The author chairs the NRSC RDS Usage Working Group.
FM translators have been a source of growth for the U.S. broadcast industry. Regulatory changes such as AM revitalization and the provisions allowing HD multicast translators have brought large interest in these FM signals. They brought new exposure to AM broadcasters struggling with an ever-increasing noise environment and a younger population less familiar with the eldest broadcasting band. AM stations and HD multicast stations that can obtain translators are not only breathing fresh air but offering additional, new content to larger audiences. Niche formats and communities are being served by these translators.
Listeners are already familiar with FM’s band, receivers and high-fidelity stereo audio. Translators allow new voices to “look” the same as traditional full-powered FM stations using RDS. Over the past few years, many translators have employed RDS encoders to offer relevant metadata to their audiences.
The use of RDS on translators is encouraged, especially in today’s modern automotive world, where so many vehicle infotainment systems display RDS text data when tuned to FM stations. In the digital dashboard, the translator stations can compete by providing a similar metadata experience including station names, song title and artist.
But this new use of RDS had not been envisioned by the original NRSC-4 FM RBDS standard.
The National Radio Systems Committee, jointly sponsored by the National Association of Broadcasters and the Consumer Technology Association, is a standards organization that publishes the NRSC-4 document. NRSC-4-B, updated in 2011, was refreshed just before the new use of FM translators was permitted. It and prior editions offer a formula for each full-powered FM station to use its call sign to calculate a unique four-character identifier called a Program Identifier or PI code; but FM translator call signs are not compatible with the formula, creating a dilemma for broadcasters enabling RDS on FM translators where programming originates from an AM or HD multicast station.
In 2012, the NRSC issued a guideline document, NRSC-G300, providing advice for the industry in this area. However this was published just as this influx of translators was beginning. NRSC-G300 essentially offered broadcasters guidance on how to arrive at what was hopefully a unique PI code for their broadcast area.
The guidance was helpful but merely a temporary workaround; a better method was needed. Few broadcasters had at their disposal the tools or knowledge to find a unique code in their area. Clearer guidance was necessary to take guesswork out of the process.
YOU’VE GOT A CODE
The NRSC has worked with NAB Pilot to devise a PI code assignment for each licensed FM translator in the United States. These codes are assigned automatically based on data in the FM database. The assignments are processed daily and include anything new published in the FCC FM Database.
The codes are unique for each specific translator’s geographic coverage area and adjacent areas. This is important to prevent inadvertent and unintended Alternate Frequency (AF) switching between other translators in the region.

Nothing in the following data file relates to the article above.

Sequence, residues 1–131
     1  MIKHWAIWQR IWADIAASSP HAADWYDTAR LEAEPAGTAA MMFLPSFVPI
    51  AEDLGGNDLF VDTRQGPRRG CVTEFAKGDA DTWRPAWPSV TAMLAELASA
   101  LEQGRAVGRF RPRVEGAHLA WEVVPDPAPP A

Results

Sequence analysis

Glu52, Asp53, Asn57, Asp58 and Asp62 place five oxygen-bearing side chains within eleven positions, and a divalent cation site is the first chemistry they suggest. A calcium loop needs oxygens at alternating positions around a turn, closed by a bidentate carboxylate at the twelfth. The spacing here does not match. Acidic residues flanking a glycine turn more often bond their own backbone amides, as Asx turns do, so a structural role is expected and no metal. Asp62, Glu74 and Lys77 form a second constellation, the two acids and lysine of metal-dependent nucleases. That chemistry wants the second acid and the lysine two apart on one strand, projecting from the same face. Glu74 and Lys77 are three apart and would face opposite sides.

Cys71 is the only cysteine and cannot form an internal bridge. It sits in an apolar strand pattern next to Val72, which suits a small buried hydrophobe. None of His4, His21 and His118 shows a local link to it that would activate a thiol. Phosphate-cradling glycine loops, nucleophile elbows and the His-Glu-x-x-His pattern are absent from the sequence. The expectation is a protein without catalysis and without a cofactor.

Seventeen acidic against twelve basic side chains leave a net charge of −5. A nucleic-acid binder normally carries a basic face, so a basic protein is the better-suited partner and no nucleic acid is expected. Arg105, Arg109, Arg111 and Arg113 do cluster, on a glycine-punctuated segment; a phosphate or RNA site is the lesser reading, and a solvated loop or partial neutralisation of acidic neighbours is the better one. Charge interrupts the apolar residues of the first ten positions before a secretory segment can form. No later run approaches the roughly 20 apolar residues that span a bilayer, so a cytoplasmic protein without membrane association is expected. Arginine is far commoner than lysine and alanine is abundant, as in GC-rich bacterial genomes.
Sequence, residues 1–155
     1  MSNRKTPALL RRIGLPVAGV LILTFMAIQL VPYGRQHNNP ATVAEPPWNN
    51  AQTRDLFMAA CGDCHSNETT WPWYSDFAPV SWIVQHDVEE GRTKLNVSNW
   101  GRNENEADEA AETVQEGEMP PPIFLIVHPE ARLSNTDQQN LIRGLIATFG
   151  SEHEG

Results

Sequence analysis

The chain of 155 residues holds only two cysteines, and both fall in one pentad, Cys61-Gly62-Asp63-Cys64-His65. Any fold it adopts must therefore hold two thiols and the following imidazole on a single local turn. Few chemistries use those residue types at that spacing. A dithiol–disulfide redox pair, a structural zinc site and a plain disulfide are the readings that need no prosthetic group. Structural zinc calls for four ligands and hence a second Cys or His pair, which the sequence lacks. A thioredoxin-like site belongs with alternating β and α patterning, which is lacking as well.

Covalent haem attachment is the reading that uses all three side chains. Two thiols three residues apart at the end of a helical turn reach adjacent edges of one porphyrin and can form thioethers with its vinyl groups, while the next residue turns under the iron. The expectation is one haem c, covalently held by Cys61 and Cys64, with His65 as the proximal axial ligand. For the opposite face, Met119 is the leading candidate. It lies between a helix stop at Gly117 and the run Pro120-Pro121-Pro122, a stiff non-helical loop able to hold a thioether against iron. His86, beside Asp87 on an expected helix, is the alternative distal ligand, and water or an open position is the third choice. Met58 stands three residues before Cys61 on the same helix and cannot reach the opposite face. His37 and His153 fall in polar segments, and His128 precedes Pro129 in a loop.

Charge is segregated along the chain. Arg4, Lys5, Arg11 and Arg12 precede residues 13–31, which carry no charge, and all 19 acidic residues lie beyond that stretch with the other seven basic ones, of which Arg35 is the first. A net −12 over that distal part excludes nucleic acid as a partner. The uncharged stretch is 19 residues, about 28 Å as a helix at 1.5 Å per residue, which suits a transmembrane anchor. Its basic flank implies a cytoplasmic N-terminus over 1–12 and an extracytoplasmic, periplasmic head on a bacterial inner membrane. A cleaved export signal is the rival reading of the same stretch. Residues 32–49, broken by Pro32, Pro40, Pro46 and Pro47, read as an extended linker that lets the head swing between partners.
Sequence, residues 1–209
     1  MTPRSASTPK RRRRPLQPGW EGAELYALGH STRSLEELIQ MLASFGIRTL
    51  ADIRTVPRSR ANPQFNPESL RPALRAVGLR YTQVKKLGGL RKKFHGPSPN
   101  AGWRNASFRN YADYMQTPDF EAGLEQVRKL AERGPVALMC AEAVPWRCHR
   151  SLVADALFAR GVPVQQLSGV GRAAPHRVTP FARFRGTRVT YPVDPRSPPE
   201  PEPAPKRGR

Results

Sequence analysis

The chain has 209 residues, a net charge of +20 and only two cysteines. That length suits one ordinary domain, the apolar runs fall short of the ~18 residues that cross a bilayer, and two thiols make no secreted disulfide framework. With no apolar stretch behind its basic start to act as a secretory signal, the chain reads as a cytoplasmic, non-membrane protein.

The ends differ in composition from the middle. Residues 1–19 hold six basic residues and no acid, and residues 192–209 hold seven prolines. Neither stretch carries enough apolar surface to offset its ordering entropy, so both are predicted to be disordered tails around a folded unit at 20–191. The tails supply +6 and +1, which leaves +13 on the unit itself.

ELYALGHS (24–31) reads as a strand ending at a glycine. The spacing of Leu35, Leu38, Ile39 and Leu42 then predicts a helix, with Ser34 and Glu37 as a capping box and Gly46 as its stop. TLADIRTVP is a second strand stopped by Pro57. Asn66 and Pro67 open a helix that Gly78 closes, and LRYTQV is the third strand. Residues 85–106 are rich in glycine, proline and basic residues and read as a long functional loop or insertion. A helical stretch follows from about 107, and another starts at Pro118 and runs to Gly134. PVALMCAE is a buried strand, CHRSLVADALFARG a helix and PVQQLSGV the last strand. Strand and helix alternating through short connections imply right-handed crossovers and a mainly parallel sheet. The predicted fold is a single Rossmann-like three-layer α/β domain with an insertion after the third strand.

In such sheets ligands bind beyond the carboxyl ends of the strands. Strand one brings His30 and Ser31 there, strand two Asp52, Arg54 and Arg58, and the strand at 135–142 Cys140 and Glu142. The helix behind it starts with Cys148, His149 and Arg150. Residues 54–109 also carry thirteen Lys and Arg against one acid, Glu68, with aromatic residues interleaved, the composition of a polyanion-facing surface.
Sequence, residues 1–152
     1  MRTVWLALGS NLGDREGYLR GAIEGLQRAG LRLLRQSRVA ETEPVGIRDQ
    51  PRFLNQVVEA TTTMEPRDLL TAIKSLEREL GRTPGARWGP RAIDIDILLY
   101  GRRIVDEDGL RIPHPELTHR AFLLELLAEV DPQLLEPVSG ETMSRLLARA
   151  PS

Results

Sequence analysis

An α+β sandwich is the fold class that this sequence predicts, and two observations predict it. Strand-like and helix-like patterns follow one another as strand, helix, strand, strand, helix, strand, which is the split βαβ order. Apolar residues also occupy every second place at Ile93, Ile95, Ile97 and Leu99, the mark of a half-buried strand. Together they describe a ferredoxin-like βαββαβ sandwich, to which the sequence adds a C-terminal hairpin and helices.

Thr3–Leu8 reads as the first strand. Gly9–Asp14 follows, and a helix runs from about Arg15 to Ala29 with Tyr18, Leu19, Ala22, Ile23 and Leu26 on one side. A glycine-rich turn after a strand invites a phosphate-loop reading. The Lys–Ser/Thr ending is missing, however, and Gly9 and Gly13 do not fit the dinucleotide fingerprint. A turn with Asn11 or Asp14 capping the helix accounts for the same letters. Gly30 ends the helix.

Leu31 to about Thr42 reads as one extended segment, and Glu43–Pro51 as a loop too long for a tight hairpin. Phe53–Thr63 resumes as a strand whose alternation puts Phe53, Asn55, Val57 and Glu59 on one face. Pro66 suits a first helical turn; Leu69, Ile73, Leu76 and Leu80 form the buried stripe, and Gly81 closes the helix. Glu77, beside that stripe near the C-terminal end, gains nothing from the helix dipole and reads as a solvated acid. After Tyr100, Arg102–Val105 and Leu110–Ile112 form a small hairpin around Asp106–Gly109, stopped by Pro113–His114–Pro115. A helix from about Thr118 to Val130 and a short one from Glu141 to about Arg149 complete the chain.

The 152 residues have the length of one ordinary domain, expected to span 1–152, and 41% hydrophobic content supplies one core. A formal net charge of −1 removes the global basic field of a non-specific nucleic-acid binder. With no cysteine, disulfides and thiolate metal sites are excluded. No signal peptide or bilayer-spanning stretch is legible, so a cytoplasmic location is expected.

In addition, the codes are calculated in a way so as to be frequency-unique, making them compatible with the RadioDNS standard, an open standard of locating metadata or streaming services of terrestrial broadcast stations. It allows this new class of stations to look towards the future and hybrid FM-plus-streaming radio designs.
While all of this sounds complicated — and the assignment process behind the scenes certainly is — a newly launched NRSC PI Code Allocation site takes the complication away.
It is available now at http://picodes.nrscstandards.org. Licensees of FM translators can look up their assigned codes by typing in their call sign, frequency, FCC Facility ID, city of license and state.
To follow the example shown in Fig. 1, type the translator call sign of W286BK and select “Filter” and you will see that the PI code assigned for this translator is D3B7. This is the PI code you would enter in the RDS encoder for this translator.
To confirm you have the correct translator selected, there is a link with the Facility ID to bring you to the FCC database entry for this station. The city and state of license are listed, as are the coordinates in NAD 27 format, as shown on the station license. The PI code allocator also shows the last date the calculator processed an entry for this station.
Many of the translators that were on the air by June 1, 2017, will list that date. New translators added to the database, translators that have made significant site moves may trigger a change or any frequency change will trigger a new code.
This raises a good point: FM translators are often moved or upgraded, involving transmitter site locations and frequency changes. If you made a modification to your translator, check the calculator after the FCC has authorized the change; the station may have a new PI code assigned to it. This is by design. The calculator detected that the code previously assigned to this station is now in conflict with another station, so it assigned a new code to the station that changed.
The calculator keeps a change log at http://picodes.nrscstandards.org/audit.html and recent changes are available there as well for audit.
Alan Jurison is a senior operations engineer for iHeartMedia’s Engineering and Systems Integration Group. He chairs the NRSC RDS Usage Working Group. His opinions are not necessarily those of iHeartMedia, the NRSC or Radio World.